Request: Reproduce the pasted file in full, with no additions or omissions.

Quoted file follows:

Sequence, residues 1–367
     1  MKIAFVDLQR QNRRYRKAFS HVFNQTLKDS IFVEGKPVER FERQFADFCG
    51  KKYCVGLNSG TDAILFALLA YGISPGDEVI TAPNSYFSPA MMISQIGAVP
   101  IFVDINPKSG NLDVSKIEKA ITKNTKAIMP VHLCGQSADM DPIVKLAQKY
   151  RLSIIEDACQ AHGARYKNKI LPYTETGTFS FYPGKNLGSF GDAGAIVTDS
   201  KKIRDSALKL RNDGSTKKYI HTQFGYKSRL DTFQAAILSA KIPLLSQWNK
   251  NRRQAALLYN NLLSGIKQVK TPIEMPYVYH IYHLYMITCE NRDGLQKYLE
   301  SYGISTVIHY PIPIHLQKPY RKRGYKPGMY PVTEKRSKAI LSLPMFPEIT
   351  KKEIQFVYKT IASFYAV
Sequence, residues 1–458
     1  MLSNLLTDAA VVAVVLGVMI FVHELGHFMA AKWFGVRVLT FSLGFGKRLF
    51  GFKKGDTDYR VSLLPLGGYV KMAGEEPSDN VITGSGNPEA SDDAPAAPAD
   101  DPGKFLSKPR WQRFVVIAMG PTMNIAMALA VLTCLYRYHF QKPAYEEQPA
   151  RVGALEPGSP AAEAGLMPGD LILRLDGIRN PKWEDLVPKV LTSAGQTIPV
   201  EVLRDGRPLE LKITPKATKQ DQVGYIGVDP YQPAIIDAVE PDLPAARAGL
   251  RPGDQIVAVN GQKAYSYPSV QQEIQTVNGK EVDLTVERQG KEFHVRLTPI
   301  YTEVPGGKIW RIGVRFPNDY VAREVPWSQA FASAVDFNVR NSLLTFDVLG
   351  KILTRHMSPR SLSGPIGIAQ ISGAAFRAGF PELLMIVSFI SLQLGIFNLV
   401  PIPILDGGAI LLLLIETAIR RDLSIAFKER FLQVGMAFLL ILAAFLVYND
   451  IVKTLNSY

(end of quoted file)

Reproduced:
Sequence, residues 1–367
     1  MKIAFVDLQR QNRRYRKAFS HVFNQTLKDS IFVEGKPVER FERQFADFCG
    51  KKYCVGLNSG TDAILFALLA YGISPGDEVI TAPNSYFSPA MMISQIGAVP
   101  IFVDINPKSG NLDVSKIEKA ITKNTKAIMP VHLCGQSADM DPIVKLAQKY
   151  RLSIIEDACQ AHGARYKNKI LPYTETGTFS FYPGKNLGSF GDAGAIVTDS
   201  KKIRDSALKL RNDGSTKKYI HTQFGYKSRL DTFQAAILSA KIPLLSQWNK
   251  NRRQAALLYN NLLSGIKQVK TPIEMPYVYH IYHLYMITCE NRDGLQKYLE
   301  SYGISTVIHY PIPIHLQKPY RKRGYKPGMY PVTEKRSKAI LSLPMFPEIT
   351  KKEIQFVYKT IASFYAV
Sequence, residues 1–458
     1  MLSNLLTDAA VVAVVLGVMI FVHELGHFMA AKWFGVRVLT FSLGFGKRLF
    51  GFKKGDTDYR VSLLPLGGYV KMAGEEPSDN VITGSGNPEA SDDAPAAPAD
   101  DPGKFLSKPR WQRFVVIAMG PTMNIAMALA VLTCLYRYHF QKPAYEEQPA
   151  RVGALEPGSP AAEAGLMPGD LILRLDGIRN PKWEDLVPKV LTSAGQTIPV
   201  EVLRDGRPLE LKITPKATKQ DQVGYIGVDP YQPAIIDAVE PDLPAARAGL
   251  RPGDQIVAVN GQKAYSYPSV QQEIQTVNGK EVDLTVERQG KEFHVRLTPI
   301  YTEVPGGKIW RIGVRFPNDY VAREVPWSQA FASAVDFNVR NSLLTFDVLG
   351  KILTRHMSPR SLSGPIGIAQ ISGAAFRAGF PELLMIVSFI SLQLGIFNLV
   401  PIPILDGGAI LLLLIETAIR RDLSIAFKER FLQVGMAFLL ILAAFLVYND
   451  IVKTLNSY